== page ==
Penny stock pump-and-dump schemes:

A look at how micro caps can be manipulated

The U.S. Securities and Exchange Commission defines micro caps or penny stocks as shares that have a price of less than $5, but they often trade at just a fraction of a cent.  

The price of penny stocks can be more readily manipulated because the stock is thinly traded and allows for volatile price swings. It is also subject to less regulatory scrutiny than shares traded on notable exchanges.  

Large blocks of penny stock are typically controlled by a small group of individuals, which enables perpetrators of fraud to orchestrate manipulative trades in the stock.

Insiders who want to commit fraud first have to form a business entity, typically with a nominee director or CEO. At this stage, the shell company will have minimal or no business activity and revenue.

To issue new securities in the U.S., the company must file form S-1 with the SEC. Perpetrators of the scheme must file a bogus business plan outlining the business model and the planned use of the offering proceeds, offering price and material business dealings between the company and its directors and outside service providers, such as legal counsel and auditors, whose reports are required for the filing. 

The first shares are sold in a private transaction. They are restricted, meaning they cannot be sold to the public for a specific time period unless they are exempt from SEC registration requirements, set out in SEC rule 144.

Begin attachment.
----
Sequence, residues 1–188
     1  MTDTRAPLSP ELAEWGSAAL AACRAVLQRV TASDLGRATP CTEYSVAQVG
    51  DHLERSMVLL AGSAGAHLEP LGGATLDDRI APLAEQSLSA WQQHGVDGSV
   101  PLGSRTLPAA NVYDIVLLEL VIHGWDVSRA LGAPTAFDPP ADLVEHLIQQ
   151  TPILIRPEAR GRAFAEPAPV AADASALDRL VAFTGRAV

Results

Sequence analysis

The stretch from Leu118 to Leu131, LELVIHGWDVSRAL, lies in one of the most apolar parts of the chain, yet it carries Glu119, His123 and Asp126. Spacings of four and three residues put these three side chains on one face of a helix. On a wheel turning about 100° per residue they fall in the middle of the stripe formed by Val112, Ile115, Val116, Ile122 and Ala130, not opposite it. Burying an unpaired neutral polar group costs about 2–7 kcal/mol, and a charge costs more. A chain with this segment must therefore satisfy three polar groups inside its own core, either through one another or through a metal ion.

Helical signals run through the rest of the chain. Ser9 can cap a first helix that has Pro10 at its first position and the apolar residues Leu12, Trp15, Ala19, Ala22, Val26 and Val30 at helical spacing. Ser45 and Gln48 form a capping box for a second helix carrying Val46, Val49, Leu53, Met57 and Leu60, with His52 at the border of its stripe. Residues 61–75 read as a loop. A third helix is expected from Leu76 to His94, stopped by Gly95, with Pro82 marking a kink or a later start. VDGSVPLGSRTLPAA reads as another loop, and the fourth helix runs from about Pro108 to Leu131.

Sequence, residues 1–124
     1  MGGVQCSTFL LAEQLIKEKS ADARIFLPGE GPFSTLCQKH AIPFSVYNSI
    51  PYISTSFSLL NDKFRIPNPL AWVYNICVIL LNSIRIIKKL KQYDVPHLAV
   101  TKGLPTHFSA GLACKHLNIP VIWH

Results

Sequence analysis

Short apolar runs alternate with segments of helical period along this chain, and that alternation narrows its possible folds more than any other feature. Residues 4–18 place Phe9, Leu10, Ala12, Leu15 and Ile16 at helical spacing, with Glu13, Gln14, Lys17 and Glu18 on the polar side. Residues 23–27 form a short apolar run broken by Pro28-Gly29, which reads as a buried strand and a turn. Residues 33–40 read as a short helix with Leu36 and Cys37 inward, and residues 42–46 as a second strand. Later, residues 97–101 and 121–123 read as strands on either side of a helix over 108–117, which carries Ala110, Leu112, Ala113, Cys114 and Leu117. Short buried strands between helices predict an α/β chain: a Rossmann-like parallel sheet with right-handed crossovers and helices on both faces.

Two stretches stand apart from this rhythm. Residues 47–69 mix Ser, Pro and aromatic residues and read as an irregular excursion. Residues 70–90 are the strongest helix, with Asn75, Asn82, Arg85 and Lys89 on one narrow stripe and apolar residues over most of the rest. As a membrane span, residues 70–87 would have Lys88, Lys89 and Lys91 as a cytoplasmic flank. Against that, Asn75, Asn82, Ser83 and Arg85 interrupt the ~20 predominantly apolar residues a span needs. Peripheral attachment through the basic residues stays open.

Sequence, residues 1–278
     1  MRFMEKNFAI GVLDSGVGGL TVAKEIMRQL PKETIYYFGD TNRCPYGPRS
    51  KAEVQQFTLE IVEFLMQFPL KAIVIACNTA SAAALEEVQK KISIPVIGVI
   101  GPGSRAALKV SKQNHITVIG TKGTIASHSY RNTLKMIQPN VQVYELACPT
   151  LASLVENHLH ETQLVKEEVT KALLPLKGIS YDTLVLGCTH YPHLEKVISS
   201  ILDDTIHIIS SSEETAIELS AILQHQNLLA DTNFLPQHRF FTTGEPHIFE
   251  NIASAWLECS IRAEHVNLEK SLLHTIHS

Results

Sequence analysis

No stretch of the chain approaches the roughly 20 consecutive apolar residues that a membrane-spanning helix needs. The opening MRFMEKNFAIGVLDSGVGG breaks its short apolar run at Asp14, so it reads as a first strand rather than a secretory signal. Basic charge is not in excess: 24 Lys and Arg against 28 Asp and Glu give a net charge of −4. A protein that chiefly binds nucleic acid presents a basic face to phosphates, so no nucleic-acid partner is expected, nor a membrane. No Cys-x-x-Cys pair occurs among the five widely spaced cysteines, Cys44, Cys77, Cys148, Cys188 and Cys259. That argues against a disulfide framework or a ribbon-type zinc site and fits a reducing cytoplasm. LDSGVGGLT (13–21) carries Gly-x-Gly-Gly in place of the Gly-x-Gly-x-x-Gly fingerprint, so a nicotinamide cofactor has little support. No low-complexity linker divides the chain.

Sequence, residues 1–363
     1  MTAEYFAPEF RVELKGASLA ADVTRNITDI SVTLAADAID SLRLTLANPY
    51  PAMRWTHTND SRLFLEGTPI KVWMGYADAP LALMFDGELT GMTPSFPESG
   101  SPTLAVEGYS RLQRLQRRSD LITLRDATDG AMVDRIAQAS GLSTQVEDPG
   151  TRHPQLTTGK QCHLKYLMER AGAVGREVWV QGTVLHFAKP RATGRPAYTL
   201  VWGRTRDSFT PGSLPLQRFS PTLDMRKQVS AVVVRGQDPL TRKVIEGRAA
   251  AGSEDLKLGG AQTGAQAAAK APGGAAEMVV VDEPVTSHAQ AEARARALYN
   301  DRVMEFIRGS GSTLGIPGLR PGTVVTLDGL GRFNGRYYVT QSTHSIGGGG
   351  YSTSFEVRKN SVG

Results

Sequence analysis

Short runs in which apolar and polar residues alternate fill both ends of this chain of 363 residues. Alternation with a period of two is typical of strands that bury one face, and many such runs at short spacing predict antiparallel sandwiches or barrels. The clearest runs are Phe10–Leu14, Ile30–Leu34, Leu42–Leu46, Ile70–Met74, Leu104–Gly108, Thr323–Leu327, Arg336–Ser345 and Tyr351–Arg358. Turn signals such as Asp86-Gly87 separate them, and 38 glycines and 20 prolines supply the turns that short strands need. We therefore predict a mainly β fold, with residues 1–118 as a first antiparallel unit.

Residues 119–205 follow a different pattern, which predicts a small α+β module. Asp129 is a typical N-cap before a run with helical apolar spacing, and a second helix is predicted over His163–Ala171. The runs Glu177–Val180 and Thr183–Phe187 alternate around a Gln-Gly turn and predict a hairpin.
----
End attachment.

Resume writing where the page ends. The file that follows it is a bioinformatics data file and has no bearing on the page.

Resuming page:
Even if all the conditions of Rule 144 are met, the restricted securities still cannot be sold to the public until a restrictive legend, stating that the share is not for public sale, is removed from the certificate.

This can only be done by the stock transfer agent, who will remove the legend only if the issuer consents, generally with an opinion letter from the issuer’s legal counsel addressed to the transfer agent.  

  • To retain control of the shares, perpetrators of stock fraud will issue the shares to a group of nominees who never effectively take possession of the stock certificates. 
  • The insiders will set up offshore accounts in the name of corporate entities to anonymously hold the free trading stock. 
  • To trade the shares publicly, the scheme requires a broker who clears the shares on behalf of the offshore entities using its own account.  

The company used for the scam then undergoes a merger, an acquisition, a name change or another kind of corporate transaction, which is linked to a forward stock split to increase the number of shares held by insiders. This maximizes the potential profit if there are sudden upswings in the share price.  

Pump-and-dump schemes then hype the stock to increase the share price with false or misleading press releases, SEC filings and other statements – for example, the purported purchase of a mining plot, the potential acquisition of a company or any other potentially value-increasing transaction.  

The schemes often use stock promoters who attempt to push the stock price with telemarketing and aggressive “boiler room” sales techniques, mass email campaigns or paid-for favorable blog and news coverage of the company and its stock. 

The shares are then “dumped” on the public at inflated prices. The share price subsequently collapses quickly as it transpires that the company is effectively worthless and has no valid prospects of generating any revenue, let alone profits. 

Penny stock scams do generate significant market activity because many of the outside investors are aware that the shares involved are subject to a pump and dump, but they invest nonetheless in the hope of timing the entry and exit of the investment correctly and catching the share price upswing before it collapses. 

However, a considerable number of innocent, unsuspecting investors are also caught by the share price manipulation.